Living the Scientific Life (Scientist, Interrupted)

Just Another Day in NYC ..

Today, I went downtown to fetch a book that Houghton-Mifflin had sent to me to review. Because the UPS station is at 43rd, this required me to go through Times Square with its huge tangle of humanity. When I got there, Times Square consisted of barely controlled chaos, as usual, with its sunshine and commotion and bright lights, giant televisions and blinking advertizements everywhere. Sirens whooped and police directed traffic as thousands of people poured across the streets like a river of corpuscles in a blood vessel.

Just as I reached the other side of the street, there was a huge explosion from only 10 feet away from me. A manhole cover flew five or six feet into the air and then slammed back down to the pavement with dull thump. Black smoke rose from the now uncovered manhole as well as from the still-covered manhole nearby. What was that?The light changed, fire engines crept slowly through the traffic, police whistles trumpeted, and the sea of people surged forward.

Comments

  1. #1 Brian
    February 28, 2007

    Yikes! Every time I visit the city I somehow feel like I’m the only person who doesn’t know where I’m going (it took me at least 10 trips to figure out the subways). The last time I went in (I was visiting the newly opened Hall of Human Origins at the AMNH as an early 24th birthday celebration) I was sick, there were too many people, and I’ve still got many a bruise caused by parents who used their strollers as weapons.

  2. #2 Diane in Ohio
    February 28, 2007

    Probably a power transformer,maybe?…click here:
    http://www.nationalgeographic.com/nyunderground/docs/nymain.html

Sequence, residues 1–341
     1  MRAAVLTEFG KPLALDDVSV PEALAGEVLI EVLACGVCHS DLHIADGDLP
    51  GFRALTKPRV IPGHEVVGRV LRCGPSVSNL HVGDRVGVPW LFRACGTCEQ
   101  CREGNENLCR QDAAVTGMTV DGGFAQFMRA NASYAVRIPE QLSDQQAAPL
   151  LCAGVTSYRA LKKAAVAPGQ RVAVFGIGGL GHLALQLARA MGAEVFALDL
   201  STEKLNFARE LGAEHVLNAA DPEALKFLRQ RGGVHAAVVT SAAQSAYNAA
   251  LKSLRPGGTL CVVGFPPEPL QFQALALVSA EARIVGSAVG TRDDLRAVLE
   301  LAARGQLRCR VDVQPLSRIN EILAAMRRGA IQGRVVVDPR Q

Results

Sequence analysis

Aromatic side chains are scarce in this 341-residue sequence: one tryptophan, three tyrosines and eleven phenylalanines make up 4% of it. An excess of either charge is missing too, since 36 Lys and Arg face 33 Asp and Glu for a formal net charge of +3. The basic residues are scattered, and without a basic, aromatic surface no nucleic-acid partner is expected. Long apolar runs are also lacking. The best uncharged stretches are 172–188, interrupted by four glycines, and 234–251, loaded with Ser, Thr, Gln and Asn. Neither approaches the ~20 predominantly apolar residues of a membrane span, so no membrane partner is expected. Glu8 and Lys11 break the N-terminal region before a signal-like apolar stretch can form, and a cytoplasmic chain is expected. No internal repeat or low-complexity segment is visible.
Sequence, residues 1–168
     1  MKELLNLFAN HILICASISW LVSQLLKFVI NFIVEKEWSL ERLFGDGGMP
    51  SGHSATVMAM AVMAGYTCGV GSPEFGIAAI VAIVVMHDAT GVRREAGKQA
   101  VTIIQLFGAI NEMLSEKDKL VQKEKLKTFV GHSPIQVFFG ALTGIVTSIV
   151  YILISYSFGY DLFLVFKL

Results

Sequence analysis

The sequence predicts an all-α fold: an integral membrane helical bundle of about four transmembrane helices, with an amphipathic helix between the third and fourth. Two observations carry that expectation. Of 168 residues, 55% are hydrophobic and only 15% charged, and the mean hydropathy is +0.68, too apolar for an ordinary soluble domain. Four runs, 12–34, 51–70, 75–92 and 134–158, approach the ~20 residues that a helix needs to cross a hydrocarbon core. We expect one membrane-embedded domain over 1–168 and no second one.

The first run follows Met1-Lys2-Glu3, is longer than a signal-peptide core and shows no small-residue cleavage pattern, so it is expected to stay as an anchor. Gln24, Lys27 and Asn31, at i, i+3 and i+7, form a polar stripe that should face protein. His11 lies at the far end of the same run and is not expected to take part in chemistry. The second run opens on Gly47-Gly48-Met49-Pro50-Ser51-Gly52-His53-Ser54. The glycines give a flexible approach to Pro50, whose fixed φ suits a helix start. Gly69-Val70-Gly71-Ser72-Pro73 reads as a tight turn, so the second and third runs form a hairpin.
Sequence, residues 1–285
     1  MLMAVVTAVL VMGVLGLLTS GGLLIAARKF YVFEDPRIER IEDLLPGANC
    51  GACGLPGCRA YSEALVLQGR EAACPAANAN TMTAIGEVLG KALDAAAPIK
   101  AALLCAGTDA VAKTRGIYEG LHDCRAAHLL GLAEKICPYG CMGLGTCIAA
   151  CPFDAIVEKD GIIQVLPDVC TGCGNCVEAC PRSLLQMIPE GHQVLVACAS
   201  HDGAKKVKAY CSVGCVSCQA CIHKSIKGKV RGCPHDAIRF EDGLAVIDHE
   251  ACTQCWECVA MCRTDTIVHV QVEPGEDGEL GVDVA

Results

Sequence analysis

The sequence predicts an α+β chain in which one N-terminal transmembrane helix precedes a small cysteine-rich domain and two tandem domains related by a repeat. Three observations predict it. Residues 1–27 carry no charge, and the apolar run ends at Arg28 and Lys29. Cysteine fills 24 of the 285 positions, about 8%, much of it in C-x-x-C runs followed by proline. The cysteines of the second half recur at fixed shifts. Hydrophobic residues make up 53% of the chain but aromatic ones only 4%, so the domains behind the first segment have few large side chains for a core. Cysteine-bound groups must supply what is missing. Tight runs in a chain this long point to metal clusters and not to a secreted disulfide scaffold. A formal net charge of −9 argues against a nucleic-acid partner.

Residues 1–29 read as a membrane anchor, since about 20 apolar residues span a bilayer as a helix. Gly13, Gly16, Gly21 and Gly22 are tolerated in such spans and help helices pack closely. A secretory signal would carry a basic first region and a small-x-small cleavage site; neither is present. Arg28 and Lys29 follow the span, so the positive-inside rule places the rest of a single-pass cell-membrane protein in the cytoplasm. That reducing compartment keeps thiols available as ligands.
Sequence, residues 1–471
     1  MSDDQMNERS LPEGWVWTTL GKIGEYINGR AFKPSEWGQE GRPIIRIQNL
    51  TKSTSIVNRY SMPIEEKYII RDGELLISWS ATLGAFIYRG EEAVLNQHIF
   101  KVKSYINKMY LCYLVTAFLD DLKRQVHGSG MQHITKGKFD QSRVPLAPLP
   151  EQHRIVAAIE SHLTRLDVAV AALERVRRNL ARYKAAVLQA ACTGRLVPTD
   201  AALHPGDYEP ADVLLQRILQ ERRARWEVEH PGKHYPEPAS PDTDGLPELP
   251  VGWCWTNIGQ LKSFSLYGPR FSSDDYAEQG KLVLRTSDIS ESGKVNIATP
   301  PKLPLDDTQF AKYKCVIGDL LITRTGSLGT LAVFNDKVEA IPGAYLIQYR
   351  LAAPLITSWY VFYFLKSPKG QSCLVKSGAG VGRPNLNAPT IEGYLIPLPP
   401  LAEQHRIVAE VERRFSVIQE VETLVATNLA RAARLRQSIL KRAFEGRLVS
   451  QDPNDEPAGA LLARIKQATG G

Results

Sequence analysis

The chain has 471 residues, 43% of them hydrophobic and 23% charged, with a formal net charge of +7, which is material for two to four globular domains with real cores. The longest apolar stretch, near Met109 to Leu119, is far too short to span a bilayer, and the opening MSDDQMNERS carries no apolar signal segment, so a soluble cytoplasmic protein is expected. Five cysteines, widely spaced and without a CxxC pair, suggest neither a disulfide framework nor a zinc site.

3. #3 Albatrossity
    February 28, 2007

    Good thing this didn’t happen in Boston – They would have closed the whole city down for a day while they looked for cartoon characters to pin the blame on…

  4. #4 John
    February 28, 2007

    When I first moved to D.C., we had a rash of exploding manhole covers. That seems to have died down in recent years. I do not remember the exact cause, but it was something like a gas or electrical malfunction – nothing devious.

  5. #5 T
    February 28, 2007

    Confirming John’s comments my daughter worked in D.C. and near the area where some of the manhole covers regurgitated their tops. As a mother I stopped worrying about panhandlers and possible rapists and started worrying about flying metal.

  6. #6 Rob Beagrie
    February 28, 2007

    I have some friends who went on a trip to New York recently, and the exact same thing happened to them in Times Square just a week ago. Deja vu?

  7. #7 David Harmon
    February 28, 2007

    Perhaps the infrastructure is feeling neglected, so it is crying out for attention? ;-) (Hmm, maybe those Harlan Ellison anthologies warped me more than I thought.)

  8. #8 biosparite
    March 1, 2007

    Sounds as if a combustible gas down there found a source of ignition. Methane, anyone?

  9. #9 David Harmon
    March 1, 2007

    To be more serious: Given the black smoke, I’d actually bet on a transformer or similar device. Given we’ve recently been through some shaky weather (freeze/thaw cycles, salty runoff from the streets, interruptions in maintainance, etc.) it seems reasonable that a few of those are liable to “lose it” about now.

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